The terms timber and timber are often used synonymously, but they have different meanings in the building industry. Wood is the hard, fibrous material that forms the tree under the bark, while wood can be defined as wood that retains its natural physical composition and chemical composition and is suitable for various engineering tasks. The following is the classification of timber as per IS: 6534.
Classification of Timber Based on Grading
Clearly differentiated between all grading specifications structural or Tension grading, and professional or Utility Grading based on Indian Standard Classification.
it is also known as Tension Grading However, there is a small difference between the two. Structural grading refers to the principle by which materials are classified on the basis of visible defects, which have a known effect on the strength properties of the material.
Stress grading refers to the principle by which a material is classified by considering the maximum principle stresses to which it can be subjected.
Structural grading is further divided into:
- Grading based on known effects of defects and estimation of cumulative value.
- machine grading.
it is also known as Yard grading or Utility Grading refers to the principle by which materials are classified by considering the usefulness and value factors of the material. Commercial grading is further divided into the following sections:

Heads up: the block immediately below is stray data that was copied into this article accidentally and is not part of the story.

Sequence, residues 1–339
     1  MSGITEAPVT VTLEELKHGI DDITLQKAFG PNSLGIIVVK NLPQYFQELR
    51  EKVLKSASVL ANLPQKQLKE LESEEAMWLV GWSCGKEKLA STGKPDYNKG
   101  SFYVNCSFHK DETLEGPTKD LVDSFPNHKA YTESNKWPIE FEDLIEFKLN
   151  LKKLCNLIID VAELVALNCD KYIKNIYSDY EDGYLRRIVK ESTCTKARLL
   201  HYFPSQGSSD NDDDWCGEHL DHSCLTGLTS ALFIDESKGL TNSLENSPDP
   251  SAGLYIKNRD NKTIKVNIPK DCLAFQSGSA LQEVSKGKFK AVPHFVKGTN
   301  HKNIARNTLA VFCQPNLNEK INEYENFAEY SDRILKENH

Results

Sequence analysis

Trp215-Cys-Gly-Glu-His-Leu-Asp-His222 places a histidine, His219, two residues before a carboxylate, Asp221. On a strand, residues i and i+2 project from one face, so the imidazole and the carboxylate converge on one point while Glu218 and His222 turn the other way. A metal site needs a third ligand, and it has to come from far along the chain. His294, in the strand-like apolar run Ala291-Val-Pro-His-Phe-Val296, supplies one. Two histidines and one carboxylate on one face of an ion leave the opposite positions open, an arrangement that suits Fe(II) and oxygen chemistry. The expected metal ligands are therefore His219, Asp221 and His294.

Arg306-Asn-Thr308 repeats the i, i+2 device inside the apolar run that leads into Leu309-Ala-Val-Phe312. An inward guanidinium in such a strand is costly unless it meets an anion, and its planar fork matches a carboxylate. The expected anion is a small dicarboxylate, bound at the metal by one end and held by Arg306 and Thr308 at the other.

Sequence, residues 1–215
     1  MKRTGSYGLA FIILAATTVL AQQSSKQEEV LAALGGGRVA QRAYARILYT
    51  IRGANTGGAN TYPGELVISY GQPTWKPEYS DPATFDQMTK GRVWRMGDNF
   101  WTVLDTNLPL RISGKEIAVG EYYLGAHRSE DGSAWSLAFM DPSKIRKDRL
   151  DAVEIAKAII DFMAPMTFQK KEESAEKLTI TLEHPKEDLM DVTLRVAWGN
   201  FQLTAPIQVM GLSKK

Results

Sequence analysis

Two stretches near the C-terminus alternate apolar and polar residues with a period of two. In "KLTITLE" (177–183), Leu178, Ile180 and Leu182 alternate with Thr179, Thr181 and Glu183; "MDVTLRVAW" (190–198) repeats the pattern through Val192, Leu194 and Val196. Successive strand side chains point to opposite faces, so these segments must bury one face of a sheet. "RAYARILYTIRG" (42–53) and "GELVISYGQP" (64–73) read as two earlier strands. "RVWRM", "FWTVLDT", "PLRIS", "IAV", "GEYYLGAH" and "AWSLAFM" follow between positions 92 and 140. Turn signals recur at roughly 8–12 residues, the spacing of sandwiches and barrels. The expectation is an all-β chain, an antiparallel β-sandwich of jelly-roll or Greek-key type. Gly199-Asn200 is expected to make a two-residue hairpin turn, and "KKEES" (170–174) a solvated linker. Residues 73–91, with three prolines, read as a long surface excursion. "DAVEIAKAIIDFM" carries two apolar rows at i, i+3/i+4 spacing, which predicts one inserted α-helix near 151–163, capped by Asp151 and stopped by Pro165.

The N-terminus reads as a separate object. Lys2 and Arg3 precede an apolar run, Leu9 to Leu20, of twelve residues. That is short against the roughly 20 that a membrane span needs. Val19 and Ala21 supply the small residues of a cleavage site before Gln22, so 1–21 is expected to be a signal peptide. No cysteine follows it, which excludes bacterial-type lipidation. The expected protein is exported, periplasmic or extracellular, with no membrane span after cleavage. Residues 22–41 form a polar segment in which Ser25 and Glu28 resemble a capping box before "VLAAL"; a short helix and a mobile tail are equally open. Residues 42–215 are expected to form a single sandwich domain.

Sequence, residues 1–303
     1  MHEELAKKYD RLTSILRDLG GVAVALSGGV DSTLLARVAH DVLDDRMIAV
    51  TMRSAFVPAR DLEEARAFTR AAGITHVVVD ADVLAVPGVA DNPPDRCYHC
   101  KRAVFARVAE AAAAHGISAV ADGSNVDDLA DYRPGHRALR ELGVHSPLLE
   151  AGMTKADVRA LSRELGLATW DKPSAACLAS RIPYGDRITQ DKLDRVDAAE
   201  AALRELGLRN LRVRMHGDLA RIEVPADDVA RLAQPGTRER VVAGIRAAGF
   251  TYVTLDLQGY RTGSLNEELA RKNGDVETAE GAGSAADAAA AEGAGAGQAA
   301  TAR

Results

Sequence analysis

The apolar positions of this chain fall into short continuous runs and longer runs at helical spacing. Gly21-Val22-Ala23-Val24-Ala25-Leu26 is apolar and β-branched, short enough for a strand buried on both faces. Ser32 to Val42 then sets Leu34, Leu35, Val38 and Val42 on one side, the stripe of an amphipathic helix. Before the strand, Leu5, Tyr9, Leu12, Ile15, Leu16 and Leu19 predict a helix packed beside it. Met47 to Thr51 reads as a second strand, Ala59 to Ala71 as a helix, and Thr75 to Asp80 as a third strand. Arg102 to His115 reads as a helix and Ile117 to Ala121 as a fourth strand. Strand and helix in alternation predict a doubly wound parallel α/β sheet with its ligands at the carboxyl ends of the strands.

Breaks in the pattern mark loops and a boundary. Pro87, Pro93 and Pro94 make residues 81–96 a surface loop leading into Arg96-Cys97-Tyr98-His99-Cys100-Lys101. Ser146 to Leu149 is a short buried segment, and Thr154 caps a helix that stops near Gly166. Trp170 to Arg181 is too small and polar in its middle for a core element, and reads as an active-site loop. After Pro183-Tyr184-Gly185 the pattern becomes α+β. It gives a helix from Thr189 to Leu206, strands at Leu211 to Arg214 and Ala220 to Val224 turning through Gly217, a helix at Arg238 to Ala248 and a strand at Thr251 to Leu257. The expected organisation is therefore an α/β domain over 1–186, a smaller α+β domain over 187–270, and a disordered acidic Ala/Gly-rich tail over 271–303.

grade A: It is based purely, and sometimes arbitrarily, on dimensions and general appearance. The dimensions of length and circumference for logs, or the length, width and thickness of the converted material, are measured in accordance with specified methods. This system is prevalent in Kerala and Mysore. Under these classifications, teak is placed into four grades and each grade has two sub-classes. In the case of other hardwoods, Mysore (Coorg) has four grades in common, but the dimensions are fixed separately for each species. In Kerala, there seem to be only two grades of hardwood
grade B: It is based on the best end use of the log or changed material. Such a system is prevalent mostly in Andhra Pradesh and parts of Tamil Nadu, and seems to be one of the fastest systems of grading and marking. Logs are classified into grades on the best possible use for beams, planks, scuttling, etc., and each grade is further divided into ‘A’, ‘B’ and ‘C’ classes to indicate the occurrence of defects. Is. Only two lengths are recognized; ‘Tall’ (ie 5 m and above) and ‘Short’ (ie less than 5 m). Thus each log is quickly stamped with the first letter of the grade classification, the subclass, and ‘L’ or ‘S’ for ‘Long’ and ‘Short’, for example, BAL and PBS’ respectively. Indicates beam. A-class, long’ and ‘planks, B-class, short’. Sometimes another letter is also added to indicate the species, for example, ‘T’ for teak.
Grade C: This classification is based on a qualitative assessment of defects and a rough estimate of usable material out-turns. It is popular in Madhya Pradesh.
Grade D: It is based purely on evaluating ‘units of defects’ and fixing the number of units allowed for a standard quantity in each grade. Such practices are common in the Bombay region; Sometimes an estimated out-turn is also indicated in each grade. Generally three grades are distinguished for different grades of logs and lumber. The size and other dimensions are also fixed in some cases differently for different species and different depots in the same kingdom. This system is increasingly being adopted in the Indian Standards Institute specifications and international grading specifications. This system has a distinct advantage of evaluating the cumulative effect of defects in a particular grade.
IS – 6534 – 1971